Caffeine raises cortisol levels which puts an additional strain on the adrenal glands and signals to the body that it is under stress. Tea and coffee can also deplete some important micronutrients such as B vitamins and magnesium which are vital for hormone production. If you are a tea or coffee lover, work to reduce your consumption and opt for decaf instead. Make sure to opt for organic brands as decaf alternatives can often be laden with toxins. If you can make the leap to non-caffeinated herbal alternatives, even better, and you may well find you feel more energetic too - it might just take a few days to adjust!
Chewing is a greatly underestimated part of digestion but is vital for the optimal breakdown of food. Breaking down food into small particles increases nutrient absorption, and these nutrients are vital for the production and utilisation of hormones in the body. Healthy digestion is also important for converting some hormones into their active forms as well as packaging up used hormones to be eliminated. There is not necessarily a need to count how many times you chew, but instead try to be more conscious of how formed the food is before swallowing. We want to be breaking food down into the smallest possible pieces, and if you spat the food back out it shouldn’t be recognisable as to what went in.
Regular exercise or movement can help to improve your hormone health by reducing cortisol, improving blood circulation to your pelvic organs and reducing chronic inflammation. Walking is a great activity that most of us have available to us, but consistency and repetition is important here, so if walking doesn’t take your fancy, pick some other form of gentle movement that you enjoy and can get in daily.
Take a load off the liver by reducing your exposure to pesticides, herbicides, synthetic hormones and antibiotics found in non-organic foods. The liver is the primary detox organ, and all toxins, external chemicals and hormones need to go through the liver before being eliminated. The liver will prioritise external toxins over our naturally produced hormones, so if it is backed up or over worked, this can lead to hormonal imbalances. Prioritise organic produce as much as your budget and availability allows. The dirty dozen list produced each year by the Pesticide Action Network UK is a great resource for knowing which fruit and vegetables to prioritise.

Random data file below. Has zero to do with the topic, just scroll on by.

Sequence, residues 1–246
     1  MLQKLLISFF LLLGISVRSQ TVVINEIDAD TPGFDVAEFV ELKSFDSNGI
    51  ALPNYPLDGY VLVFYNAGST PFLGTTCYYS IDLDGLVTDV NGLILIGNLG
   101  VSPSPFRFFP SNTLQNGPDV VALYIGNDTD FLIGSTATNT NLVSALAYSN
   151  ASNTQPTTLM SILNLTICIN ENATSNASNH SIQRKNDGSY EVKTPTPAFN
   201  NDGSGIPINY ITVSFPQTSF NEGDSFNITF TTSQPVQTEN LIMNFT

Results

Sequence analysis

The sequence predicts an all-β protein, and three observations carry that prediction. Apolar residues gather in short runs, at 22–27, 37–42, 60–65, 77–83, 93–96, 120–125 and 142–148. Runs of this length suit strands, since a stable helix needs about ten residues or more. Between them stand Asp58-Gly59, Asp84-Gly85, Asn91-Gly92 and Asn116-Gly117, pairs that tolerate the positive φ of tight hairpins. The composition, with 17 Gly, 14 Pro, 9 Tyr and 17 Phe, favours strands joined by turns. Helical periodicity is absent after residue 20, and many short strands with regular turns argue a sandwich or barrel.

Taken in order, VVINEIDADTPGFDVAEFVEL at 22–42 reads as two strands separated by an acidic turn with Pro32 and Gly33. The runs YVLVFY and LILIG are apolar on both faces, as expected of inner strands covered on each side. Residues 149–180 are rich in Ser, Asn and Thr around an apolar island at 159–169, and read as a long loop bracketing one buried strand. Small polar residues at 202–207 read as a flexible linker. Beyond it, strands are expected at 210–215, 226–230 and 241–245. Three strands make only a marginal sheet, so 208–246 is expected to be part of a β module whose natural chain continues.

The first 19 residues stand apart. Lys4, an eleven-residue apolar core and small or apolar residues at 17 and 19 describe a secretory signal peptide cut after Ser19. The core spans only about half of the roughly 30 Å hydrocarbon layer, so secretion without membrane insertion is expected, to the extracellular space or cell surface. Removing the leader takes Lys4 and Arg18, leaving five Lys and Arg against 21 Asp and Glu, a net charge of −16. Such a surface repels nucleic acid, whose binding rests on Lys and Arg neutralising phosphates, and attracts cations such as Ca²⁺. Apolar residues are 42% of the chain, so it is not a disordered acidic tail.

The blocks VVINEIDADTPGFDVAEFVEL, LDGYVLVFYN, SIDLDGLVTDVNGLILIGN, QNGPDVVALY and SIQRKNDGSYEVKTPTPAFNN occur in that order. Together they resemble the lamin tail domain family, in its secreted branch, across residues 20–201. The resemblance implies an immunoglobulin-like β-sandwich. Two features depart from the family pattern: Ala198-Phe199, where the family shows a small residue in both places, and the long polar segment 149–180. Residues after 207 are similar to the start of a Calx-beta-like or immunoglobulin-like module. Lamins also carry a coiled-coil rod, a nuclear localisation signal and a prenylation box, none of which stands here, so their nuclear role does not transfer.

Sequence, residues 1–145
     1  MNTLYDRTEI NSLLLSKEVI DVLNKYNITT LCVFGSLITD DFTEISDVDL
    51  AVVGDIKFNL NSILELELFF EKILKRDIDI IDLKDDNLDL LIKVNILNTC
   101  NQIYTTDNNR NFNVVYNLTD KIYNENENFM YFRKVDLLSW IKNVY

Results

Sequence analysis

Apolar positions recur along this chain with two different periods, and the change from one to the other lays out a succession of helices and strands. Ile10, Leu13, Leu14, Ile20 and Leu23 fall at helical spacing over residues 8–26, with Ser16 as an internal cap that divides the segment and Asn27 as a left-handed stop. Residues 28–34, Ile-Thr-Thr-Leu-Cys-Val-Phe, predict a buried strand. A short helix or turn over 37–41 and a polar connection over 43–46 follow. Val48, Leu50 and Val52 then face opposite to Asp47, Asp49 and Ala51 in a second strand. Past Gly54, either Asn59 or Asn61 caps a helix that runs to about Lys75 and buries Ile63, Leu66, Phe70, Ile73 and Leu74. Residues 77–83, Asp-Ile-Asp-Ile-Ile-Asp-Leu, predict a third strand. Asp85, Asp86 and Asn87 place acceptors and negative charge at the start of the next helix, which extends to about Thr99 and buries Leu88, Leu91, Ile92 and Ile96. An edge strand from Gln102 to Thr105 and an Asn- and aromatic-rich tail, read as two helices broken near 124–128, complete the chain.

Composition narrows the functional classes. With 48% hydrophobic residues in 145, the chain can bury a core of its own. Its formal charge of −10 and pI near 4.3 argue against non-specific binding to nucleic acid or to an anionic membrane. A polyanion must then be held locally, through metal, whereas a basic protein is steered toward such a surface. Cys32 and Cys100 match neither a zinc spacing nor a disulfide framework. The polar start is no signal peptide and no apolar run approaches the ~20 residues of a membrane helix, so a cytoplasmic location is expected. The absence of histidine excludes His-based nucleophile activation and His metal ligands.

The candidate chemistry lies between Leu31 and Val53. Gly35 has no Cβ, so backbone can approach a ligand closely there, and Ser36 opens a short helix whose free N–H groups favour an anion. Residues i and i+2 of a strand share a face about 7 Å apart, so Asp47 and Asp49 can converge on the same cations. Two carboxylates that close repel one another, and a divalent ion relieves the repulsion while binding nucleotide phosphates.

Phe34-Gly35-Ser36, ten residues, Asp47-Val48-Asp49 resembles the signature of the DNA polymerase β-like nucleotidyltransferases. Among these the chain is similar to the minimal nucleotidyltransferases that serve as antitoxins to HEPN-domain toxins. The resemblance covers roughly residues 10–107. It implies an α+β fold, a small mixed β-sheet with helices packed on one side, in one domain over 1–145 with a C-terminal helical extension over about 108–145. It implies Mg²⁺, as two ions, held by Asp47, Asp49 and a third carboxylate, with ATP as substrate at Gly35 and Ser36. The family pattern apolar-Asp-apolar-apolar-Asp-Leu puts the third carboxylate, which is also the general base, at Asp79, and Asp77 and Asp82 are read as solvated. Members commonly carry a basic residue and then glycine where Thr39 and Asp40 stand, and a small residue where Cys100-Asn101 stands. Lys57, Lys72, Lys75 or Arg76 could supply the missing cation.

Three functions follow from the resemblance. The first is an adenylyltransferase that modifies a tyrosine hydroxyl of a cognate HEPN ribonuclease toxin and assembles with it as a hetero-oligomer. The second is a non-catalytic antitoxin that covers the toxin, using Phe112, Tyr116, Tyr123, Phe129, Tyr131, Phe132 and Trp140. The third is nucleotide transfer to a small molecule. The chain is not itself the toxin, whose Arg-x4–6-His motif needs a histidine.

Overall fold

Flaxseeds are rich in phytoestrogens which are plant-based oestrogens. These compounds can help to balance out both high or low oestrogen levels, as well as improving bowel movements to help eliminate any used hormones in the stool. Flaxseeds are difficult to break down, so make sure to opt for ground flaxseed to get the phytoestrogen benefits. Always store flaxseeds in the fridge as they can oxidise easily, and even better would be to opt for freshly ground flaxseed to prevent the oils from going rancid which can happen over time.
Sarah Gale is a Registered Nutritional Therapist, Clinical Nutritionist DipION mBANT and hormone expert and helps women who just can’t lose weight break free of the diet cycle, rebalance their hormones and feel confident in their own skin again.
After a lifetime a hating her body and chronic yo-yo dieting, Sarah realised that yo-yo diets didn’t have the answers and by balancing her hormones, fixing her metabolism and working on her mindset she could finally lose the weight and get her self-confidence back.
Get in touch with Sarah if you would like to discuss your hormone function in more detail.